Brave Christians who wisely interject the gospel in race-centered conversations (online and off) are often told “now is not the time for that.” The cool, crowd-following Christians say now is the time to listen to voices that, by and large, reject the authority of God. Apparently, those voices and messages will finally eradicate evil and save the world. God’s message—that every person, regardless of class or ethnicity, matters enough that He died to save us from our sins if we submit to Him—can wait. Apparently, reading a book about “white [insert negative quality]” or posting something trendy on Instagram are far more effective ways to change the human heart.
True Christian Virtue and Justice
Sarcasm aside, I have a serious question for the more “woke” Christians among us. Does it not trouble you that your understanding of justice is identical to those who have rejected the gospel of Jesus Christ? Most of the assertions made about racial discrimination in policing have been empirically debunked (by a leftist economist, no less). Is that not a compelling enough reason to stop repeating trendy falsehoods? If not, perhaps the fruits of death, destruction, and endless demands might suggest that something within this particular “justice” movement is amiss.
I’m disappointed to see so many deceived Christians, but I’m not terribly surprised since the modern Church long ago rejected its commitment to scripture in favor of feelings and personal experience. Christians parroting popular talking points about poorly theorized concepts of “fragility” or “privilege” is an inevitable result when, for decades, American churchgoers have been told to simply “be kind” and win people over with vague, doughy niceness because anything more severe might offend them.
Such poor instruction has created many weak-willed people who have no idea what it means to truly be virtuous. Instead, they only know how to virtue signal to avoid discomfort. There are multiple reasons why this is dangerous (for both believers and those they hope to influence). I’ll address two of the most important ones.
Righteousness and the Cost of Real Virtue
The first issue is that real virtue (we could also call it godliness or righteousness) is based on understanding the nature of God, since He is the ultimate moral authority. Those who understand the gospel know that there is no way to achieve righteousness apart from Christ. No amount of activism, systemic reform, or personal growth will ever make anyone “good” or worthy of God’s approval. Nor will it change the world in any significant way. Why? Because sin is mingled in with every human motivation unless it’s actively being rooted out. And how is a particular sin (whether it be hatred, pride, or envy, to name a few) rooted out? Only by submitting to God and conforming your thoughts and actions to His, rather than whatever happens to “feel” right or be advantageous at the time.
The second reason virtue signaling is dangerous is because it is shallow. Cultivating true virtue requires understanding the truth and applying it consistently. True virtue cannot be detached from deeper, God-given principles.
As disciples of Christ, we are called to cultivate His qualities. That includes a willingness to speak against injustice even when it is costly, not just when it is mainstream or fits within a particular narrative. We have a clear biblical mandate, and it rejects the popular notion of oppressors versus the oppressed. “Do not pervert justice; do not show partiality to the poor or favoritism to the great, but judge your neighbor fairly.” (Leviticus 19:15)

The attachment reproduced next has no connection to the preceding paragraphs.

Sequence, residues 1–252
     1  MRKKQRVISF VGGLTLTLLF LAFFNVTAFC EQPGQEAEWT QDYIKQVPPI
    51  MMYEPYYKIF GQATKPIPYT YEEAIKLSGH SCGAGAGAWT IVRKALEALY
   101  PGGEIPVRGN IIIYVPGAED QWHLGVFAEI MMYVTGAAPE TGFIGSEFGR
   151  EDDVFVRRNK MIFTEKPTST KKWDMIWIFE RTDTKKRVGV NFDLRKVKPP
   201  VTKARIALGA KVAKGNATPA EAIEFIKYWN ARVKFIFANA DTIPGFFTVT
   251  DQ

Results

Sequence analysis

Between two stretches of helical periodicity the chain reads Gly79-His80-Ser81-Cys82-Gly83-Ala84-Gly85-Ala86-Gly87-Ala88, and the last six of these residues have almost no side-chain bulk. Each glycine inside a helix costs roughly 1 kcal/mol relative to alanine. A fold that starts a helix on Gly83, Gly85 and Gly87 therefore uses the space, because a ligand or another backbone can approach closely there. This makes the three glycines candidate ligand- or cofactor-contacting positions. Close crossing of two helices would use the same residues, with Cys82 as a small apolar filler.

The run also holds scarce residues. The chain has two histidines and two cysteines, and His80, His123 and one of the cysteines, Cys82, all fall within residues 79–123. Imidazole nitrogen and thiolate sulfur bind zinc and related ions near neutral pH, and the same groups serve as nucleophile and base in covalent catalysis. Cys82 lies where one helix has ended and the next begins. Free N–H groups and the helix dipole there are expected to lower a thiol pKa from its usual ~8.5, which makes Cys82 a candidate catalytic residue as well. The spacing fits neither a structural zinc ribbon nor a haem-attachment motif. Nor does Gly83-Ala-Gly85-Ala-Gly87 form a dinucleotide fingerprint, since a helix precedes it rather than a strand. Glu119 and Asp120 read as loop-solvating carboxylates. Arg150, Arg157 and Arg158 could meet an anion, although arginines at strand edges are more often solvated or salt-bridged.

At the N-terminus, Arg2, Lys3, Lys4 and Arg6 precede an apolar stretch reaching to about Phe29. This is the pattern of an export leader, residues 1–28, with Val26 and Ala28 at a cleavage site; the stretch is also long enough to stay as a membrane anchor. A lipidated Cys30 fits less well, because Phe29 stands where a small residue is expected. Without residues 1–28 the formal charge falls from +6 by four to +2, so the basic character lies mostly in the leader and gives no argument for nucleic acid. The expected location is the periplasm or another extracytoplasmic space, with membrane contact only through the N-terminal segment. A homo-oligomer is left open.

There are numerous injustices plaguing our nation, including (but not limited to) the slaughter of the unborn, mass exploitation of human beings for sexual gratification, bloated bureaucracies that forcibly take people’s money without providing anything valuable in return, and increasing prejudice towards those who don’t affirm progressive doctrines of race or gender.
This begs the question, woke Christians—are you only vocal about a justice-related issue when it’s popular? Why might that be? Have you ever pondered the fact that over 1,000 people are shot and killed by police almost every year, but you and your friends only care about a single incident after the system (which you supposedly hate) told you to? What might that say about the depth of your convictions? Is it really Christlike to take safe, non-controversial cues from corporate media outlets and celebrities rather than apply a consistent principle for “speaking out” against injustice?
Jesus told his disciples, “If the world hates you, keep in mind that it hated me first. If you belonged to the world, it would love you as its own. As it is, you do not belong to the world, but I have chosen you out of the world. That is why the world hates you.”
Rest assured, then, that if every major institution, popular influencer, and irreligious friend nods along in agreement with your convictions, you have almost certainly exchanged conformity with God for conformity with your peers.
Reject the Lies of the World
Reject these fruitless, inconsistent virtues. They will not save anyone from suffering, including you.
Humbly recognize that you and your favorite group of people, whoever they might be, are just as damned as those you deem villains. Only then will you be able to look upon injustice without a hypocritical or prideful spirit and take the proper action.
The sacrifice of Jesus Christ is the only true equalizer. If you find yourself unwilling to make that point during conversations about justice, repent. You and your progressive friends are not better arbiters of justice than God.
It’s time for Christians to reject the lie that in order to win the world, we must become like it. Jesus said the opposite. Worldly voices clamor for devotion, but they will fail you. Instead, look to the One who is worthy. His justice will not disappoint.